Reducing emissions from deforestation and forest degradation (REDD) is based on a core idea: reward individuals, communities, projects and countries that reduce greenhouse gas (GHG) emissions from forests. However, many difficult questions must be addressed before mechanisms that fully exploit thepotential of REDD can be created: How can we measure reductions in emissions when data are poor or do not exist?; How can we raise the billions of dollars needed to put a REDD mechanism in place?; How can we make sure that any reductions in deforestation and degradation are real (additional), and that they do not lead to more trees being chopped down in other forest areas (leakage) or next year (permanence)?; How can we make sure that the poor benefit? This book discusses these questions, and discusses the design options for REDD in a global climate regime. Each chapter looks at a question that UNFCCC negotiators and others involved in the global REDD debate must address. It lays out the key problems, present the options on how to deal with them, and then assess the options based on the ‘3E’ criteria:

effectiveness: can the mechanism bring significant emission reductions?
efficiency: are these reductions achieved at the minimum cost?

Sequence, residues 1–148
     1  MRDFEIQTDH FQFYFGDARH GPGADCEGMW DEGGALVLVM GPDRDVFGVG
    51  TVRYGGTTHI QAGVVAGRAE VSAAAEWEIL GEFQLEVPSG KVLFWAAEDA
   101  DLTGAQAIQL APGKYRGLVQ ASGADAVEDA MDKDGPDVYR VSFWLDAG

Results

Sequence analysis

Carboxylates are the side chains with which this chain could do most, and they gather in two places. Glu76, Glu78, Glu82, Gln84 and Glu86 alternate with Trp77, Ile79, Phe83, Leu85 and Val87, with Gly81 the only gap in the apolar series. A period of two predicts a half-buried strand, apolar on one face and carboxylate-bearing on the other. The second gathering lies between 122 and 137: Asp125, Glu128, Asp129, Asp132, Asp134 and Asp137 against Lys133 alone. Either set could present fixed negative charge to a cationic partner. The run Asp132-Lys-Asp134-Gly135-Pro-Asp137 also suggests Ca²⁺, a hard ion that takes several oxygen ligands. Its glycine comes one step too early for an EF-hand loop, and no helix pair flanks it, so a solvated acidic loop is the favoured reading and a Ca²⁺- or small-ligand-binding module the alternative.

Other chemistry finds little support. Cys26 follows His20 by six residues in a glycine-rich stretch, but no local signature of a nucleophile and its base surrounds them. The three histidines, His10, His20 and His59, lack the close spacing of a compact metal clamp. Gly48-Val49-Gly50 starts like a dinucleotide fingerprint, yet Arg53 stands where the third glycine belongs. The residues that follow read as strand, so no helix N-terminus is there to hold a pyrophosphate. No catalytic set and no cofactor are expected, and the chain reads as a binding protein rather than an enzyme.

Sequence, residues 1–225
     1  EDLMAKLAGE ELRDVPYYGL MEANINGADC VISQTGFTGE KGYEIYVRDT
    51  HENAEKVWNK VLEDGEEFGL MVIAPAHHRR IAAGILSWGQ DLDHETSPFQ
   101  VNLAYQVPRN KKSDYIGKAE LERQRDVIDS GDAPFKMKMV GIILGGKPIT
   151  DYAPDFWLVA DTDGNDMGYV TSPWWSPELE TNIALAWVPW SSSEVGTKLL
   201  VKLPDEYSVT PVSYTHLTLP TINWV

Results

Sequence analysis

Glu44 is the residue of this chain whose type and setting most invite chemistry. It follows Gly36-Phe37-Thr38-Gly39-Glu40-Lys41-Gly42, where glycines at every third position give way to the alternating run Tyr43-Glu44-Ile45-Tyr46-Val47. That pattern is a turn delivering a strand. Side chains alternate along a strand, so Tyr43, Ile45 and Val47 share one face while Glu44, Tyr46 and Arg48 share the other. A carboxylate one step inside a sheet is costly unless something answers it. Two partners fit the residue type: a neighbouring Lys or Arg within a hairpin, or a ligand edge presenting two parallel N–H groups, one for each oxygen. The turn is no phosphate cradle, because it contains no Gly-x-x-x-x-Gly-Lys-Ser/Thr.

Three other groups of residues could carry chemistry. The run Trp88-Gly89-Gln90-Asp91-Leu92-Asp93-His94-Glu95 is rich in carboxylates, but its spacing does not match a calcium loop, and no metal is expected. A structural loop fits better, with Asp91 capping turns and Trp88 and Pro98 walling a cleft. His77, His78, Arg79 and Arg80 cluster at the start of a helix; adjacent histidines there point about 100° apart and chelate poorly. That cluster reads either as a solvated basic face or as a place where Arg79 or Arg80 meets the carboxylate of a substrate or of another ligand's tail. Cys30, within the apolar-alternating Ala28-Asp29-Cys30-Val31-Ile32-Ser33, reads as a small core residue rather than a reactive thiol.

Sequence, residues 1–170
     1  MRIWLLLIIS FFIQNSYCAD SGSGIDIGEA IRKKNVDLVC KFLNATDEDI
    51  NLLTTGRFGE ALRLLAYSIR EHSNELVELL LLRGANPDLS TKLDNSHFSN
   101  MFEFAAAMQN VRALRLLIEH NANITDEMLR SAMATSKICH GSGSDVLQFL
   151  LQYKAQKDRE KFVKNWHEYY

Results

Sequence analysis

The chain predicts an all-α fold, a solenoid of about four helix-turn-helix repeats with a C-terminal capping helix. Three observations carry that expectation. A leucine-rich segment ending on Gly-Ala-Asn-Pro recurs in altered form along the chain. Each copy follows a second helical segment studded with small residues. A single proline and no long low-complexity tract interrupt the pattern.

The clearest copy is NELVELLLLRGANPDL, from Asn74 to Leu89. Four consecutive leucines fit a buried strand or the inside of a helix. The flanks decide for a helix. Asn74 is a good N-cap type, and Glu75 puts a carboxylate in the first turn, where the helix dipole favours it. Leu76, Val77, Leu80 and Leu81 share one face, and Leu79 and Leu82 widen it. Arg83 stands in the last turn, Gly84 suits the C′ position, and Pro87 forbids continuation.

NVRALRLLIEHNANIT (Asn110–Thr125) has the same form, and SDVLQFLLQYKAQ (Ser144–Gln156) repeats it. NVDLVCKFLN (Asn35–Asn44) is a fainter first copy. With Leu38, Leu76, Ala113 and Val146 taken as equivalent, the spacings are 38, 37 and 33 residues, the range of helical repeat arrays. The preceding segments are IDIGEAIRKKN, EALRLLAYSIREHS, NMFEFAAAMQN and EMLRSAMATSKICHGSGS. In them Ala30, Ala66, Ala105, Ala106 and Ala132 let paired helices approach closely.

equity: are benefits and costs distributed fairly among and within countries?

This book highlights the fact that countries differ widely in terms of their monitor, report and verify (MRV) infrastructure, institutional capacity to implement REDD policies and measures, drivers of deforestation and forest degradation, and so on. This heterogeneity needs to be reflected in the global REDD architecture. The mechanisms must be flexible enough to ensure broad country participation from the beginning. At the same time, they should also include incentives ‘to move on’, for example, to improve MRV and to graduate from a subnational (project) approach to a national approach. Flexibility is also needed for another reason: REDD is a large-scale experiment and room is needed for mid-course corrections as lessons are learned on what works and what does not.

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